What’s Happening

Happening - Halter Ranch Vineyard

Fog from Lion’s Crown

 

As usual there is a lot happening at the ranch this week.  What follows is a quick photo journal highlighting a few of our multitudinous activities as we prepare for harvest 2013 and other Fall events.  The photo above was taken during a recent outing with Lucas pope onto the wildlife and oak preserve just north of our vineyard.  This 1300 acres maintains habitat for indigenous wildlife.  Access to this land for deer and other critters is provided via a network of wildlife corridors through the vineyard.  (more…)


Halter Ranch Vineyard – Frequent Questions

 

Thanks Madelyne! - Halter Ranch Vineyard

The Old Victorian Farmhouse from Adelaida Road

 

Every few months we tasting room and tour staff accrue a group of  questions that crop up repeatedly in our interactions at Halter Ranch.  The following post is devoted to answering the top 9 of these questions so that they are accessible in the e-sphere.  For the record, we love being asked and having the opportunity to answer questions about this wonderful place and the philosophy behind it, so please keep asking and we’ll keep doing our best to provide answers! (more…)


The Garden and Vineyard All Abuzz

 

Tempranillo - Halter Ranch Vineyard

2013 Tempranillo

 

Anticipation among the HRV crew and within the vineyard itself is palpable as we near the opening of Harvest 2013. What follow are a few photos in and about the vineyard taken by tasting room superstars Jess Warren, Kim Potvin, and Sam Flynn.  (more…)


Bonding Over Breakfast

 

Breakfast - Halter Ranch Vineyard

Fresh Cherry Tomatoes

Breakfast - Halter Ranch Vineyard

Death Wish Coffee

Breakfast - Halter Ranch Vineyard

Eggs, Happy Acres, Bacon, and White Truffle Oil

 

Breakfast.


Comparing Cabernet Despite the Splinters

 

Cabernet - Halter Ranch Vineyard

Cabernet and Light

 

 

Last week the production crew set aside some time to blind taste through a group of prominent Cabernet Sauvignons and Cabernet based blends.  Among the eight wines were many famous, critically acclaimed, and highly sought after offerings from Napa Valley.  Our 2010 Ancestor was thrown in the mix for comparison.  The task for each taster was to select her or his favorite wine from the bunch while also noting any wines that seemed to differ significantly from the rest of the group.  The difficulty in tasting Cabernet Sauvignon is that it tends to be noticeably tannic, fairly acidic, and depending on the region, heavily oaked.  The result is a distinctly weighty and mouth stripping experience.  The crew persevered however, and the consensus among the staff was quite interesting.  We found that though Ancestor is from an entirely different region than the rest of the offerings, it was not selected as among the outliers.  Additionally, while it fit well with the rest of the line up in body and flavor profile, it is less than half of the retail cost of most of the other wines tasted.  (more…)


Ian Adamo of Bistro Laurent Drops Knowledge

Knowledge - Halter Ranch Vineyard

Liquid Knowledge

 

Monday evening we were treated to the immeasurable privelege of a wine tasting and education session with the famed (or infamous depending on perspective) Ian Adamo of Bistro Laurent.  Ian has achieved various wine service and education certifications (including WSET and Somm); he is now in the process of studying for and finishing his Master of Wine Certificate (think Jancis Robinson, but a dude, and not British).   Beyond managing the wine list and shop at Bistro, Ian has begun offering his knowledge and experience to assist local wineries in educating their staff and coming up with a comprehensive plan to present the wines and wineries of Paso Robles to consumers in an engaging and memorable way.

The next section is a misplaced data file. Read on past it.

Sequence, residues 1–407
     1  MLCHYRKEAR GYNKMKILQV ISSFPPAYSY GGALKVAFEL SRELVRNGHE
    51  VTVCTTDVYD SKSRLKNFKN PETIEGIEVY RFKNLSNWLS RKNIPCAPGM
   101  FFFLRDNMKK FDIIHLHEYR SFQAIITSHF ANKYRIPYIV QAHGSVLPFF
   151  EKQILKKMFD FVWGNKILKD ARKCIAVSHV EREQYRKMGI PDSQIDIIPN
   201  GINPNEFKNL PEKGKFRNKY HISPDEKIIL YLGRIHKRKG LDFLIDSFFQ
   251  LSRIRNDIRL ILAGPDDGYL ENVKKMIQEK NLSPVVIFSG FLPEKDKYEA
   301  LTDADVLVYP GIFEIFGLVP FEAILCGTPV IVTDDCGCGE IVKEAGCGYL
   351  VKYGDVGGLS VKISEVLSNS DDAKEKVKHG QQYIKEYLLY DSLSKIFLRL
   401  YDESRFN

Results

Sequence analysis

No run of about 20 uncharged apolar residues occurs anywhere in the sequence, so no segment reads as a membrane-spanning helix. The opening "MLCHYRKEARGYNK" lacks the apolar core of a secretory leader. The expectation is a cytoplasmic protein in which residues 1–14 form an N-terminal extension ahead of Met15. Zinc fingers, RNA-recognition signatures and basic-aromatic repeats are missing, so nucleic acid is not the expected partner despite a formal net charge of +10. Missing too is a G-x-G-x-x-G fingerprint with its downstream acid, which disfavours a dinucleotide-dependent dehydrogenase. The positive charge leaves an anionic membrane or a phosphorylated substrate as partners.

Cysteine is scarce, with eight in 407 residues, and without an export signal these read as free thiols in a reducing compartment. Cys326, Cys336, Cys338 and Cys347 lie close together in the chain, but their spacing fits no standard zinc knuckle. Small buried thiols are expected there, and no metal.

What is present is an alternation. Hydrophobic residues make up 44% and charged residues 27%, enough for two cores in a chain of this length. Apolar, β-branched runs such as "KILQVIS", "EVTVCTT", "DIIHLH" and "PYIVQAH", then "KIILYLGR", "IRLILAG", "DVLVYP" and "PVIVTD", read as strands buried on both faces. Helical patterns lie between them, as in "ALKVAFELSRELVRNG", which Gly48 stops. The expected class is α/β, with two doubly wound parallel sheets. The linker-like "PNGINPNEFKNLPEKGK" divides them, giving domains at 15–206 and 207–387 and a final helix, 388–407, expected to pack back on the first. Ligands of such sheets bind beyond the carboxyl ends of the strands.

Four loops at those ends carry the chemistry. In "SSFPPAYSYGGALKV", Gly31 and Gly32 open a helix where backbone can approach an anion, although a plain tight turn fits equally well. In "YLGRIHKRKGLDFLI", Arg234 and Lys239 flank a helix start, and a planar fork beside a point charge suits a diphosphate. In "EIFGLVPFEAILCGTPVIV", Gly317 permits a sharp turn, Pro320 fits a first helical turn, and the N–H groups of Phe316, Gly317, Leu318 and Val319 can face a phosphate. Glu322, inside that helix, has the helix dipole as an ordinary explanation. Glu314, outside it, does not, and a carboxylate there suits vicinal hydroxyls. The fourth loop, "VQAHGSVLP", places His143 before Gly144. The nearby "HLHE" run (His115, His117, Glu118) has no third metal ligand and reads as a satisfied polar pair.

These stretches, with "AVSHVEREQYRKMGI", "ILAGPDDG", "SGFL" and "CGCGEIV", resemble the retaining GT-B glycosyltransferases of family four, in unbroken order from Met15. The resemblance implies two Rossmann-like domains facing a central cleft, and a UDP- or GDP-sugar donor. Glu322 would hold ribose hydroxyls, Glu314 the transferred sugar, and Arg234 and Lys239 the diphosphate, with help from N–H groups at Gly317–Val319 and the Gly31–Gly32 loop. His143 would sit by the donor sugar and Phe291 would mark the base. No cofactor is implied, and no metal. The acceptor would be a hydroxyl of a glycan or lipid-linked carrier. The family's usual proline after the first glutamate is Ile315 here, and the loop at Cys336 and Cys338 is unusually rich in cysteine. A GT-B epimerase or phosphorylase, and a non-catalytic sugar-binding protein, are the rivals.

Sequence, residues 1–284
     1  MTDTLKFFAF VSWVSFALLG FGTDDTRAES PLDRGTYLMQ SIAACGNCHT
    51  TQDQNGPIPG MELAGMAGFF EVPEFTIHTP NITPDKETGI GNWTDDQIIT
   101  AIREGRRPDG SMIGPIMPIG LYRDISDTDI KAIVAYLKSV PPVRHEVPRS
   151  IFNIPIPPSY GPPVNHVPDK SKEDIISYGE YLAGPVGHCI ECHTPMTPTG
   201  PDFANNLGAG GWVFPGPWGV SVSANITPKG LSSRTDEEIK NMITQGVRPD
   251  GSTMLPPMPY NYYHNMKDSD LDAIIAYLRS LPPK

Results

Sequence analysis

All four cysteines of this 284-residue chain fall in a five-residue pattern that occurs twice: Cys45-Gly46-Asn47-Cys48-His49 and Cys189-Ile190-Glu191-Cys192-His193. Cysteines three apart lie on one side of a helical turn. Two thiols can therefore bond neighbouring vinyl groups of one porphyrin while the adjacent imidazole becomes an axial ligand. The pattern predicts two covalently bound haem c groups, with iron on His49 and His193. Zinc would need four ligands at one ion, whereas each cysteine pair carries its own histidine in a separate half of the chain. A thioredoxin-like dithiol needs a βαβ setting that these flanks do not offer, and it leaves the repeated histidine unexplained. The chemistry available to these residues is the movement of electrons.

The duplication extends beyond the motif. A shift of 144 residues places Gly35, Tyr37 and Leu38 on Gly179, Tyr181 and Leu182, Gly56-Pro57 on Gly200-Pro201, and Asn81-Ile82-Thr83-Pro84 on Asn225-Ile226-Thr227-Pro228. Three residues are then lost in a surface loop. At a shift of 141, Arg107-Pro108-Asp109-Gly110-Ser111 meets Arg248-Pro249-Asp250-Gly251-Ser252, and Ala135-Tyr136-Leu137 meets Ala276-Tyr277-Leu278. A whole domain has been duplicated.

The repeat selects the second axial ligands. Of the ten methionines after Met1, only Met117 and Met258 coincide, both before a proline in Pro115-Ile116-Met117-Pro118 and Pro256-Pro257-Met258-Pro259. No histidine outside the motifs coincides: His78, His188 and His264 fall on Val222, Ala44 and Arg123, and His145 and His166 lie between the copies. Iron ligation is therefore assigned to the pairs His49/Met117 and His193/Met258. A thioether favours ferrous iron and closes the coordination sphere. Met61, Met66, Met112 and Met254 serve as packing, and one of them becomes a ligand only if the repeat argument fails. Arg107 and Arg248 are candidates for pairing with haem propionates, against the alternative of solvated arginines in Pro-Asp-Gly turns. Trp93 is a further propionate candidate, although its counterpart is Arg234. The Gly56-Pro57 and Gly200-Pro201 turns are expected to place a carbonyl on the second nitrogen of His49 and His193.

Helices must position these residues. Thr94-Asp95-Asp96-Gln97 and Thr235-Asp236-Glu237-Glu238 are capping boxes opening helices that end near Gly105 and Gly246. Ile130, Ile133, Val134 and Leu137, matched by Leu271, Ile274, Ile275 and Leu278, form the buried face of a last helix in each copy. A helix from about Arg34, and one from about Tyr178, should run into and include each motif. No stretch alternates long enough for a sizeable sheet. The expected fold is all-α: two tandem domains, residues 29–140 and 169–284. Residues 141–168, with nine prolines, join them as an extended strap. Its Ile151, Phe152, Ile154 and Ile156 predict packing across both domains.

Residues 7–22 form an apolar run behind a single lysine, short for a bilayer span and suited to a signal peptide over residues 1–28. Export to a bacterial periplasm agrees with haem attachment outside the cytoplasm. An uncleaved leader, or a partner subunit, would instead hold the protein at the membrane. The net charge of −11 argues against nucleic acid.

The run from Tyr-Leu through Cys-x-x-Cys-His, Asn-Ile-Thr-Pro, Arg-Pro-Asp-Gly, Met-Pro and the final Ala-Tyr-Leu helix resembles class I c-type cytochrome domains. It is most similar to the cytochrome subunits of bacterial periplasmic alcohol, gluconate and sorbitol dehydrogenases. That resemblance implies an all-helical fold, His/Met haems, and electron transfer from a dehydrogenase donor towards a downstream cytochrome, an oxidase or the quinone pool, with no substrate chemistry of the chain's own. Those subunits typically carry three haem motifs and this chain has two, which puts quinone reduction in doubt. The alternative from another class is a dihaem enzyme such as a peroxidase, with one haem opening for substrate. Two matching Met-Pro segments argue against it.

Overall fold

The idea behind our tasting was to compare Halter Ranch wines with various offerings from around the globe in a process of reductive reasoning.  By reductive, we mean breaking the wines down by what they are not in terms of variety, place, and quality.  A few pointers we received from Mr. Adamo at the outset:  Your nose and eyes will tell you far more about a wine than your palate will.   The ‘why’ in regard to a wine is far more interesting and engaging than an individual point score, adjective, or even group of adjectives can possibly be.  After visually and aromatically analyzing each offering, we tasted through and broke down quality to price ratio using a system Ian refers to as BLIC (Balance, Length, Intensity, Complexity).  This offers an objective map for determining a wine’s quality outside of personal taste.  For example, I might personally delight in Nebbiolo, and be less interested in Pinotage, but focusing on those four characteristics may create a conceptual map by which to assess a wine without involving personal preference.

My personal favorite among the group of wines we tried (outside the Halter offerings of course ‘ ) is pictured above.  This complex and delicious white is composed of 100% Viognier from Condrieu in the Northern Rhone region of France.  It presented full body and fairly low acid while remaining delicate in comparison to most of the Viognier I’ve tried in the past.  Tasted against the Condrieu, 2012 Cotes de Paso Blanc displayed distinct acidity, bright fruit, and notable length.  Both wines would perform well in the four BLIC categories, but it is interesting to note that the Condrieu goes for about $90 a bottle, while CDPB retails for $28.

Expect coverage of additional tastings as they happen.  Our next article here on the blog will cover new developments in the cellar as we prepare for harvest 2013.  In the meantime cheers and thanks for reading!

 

 

 

 

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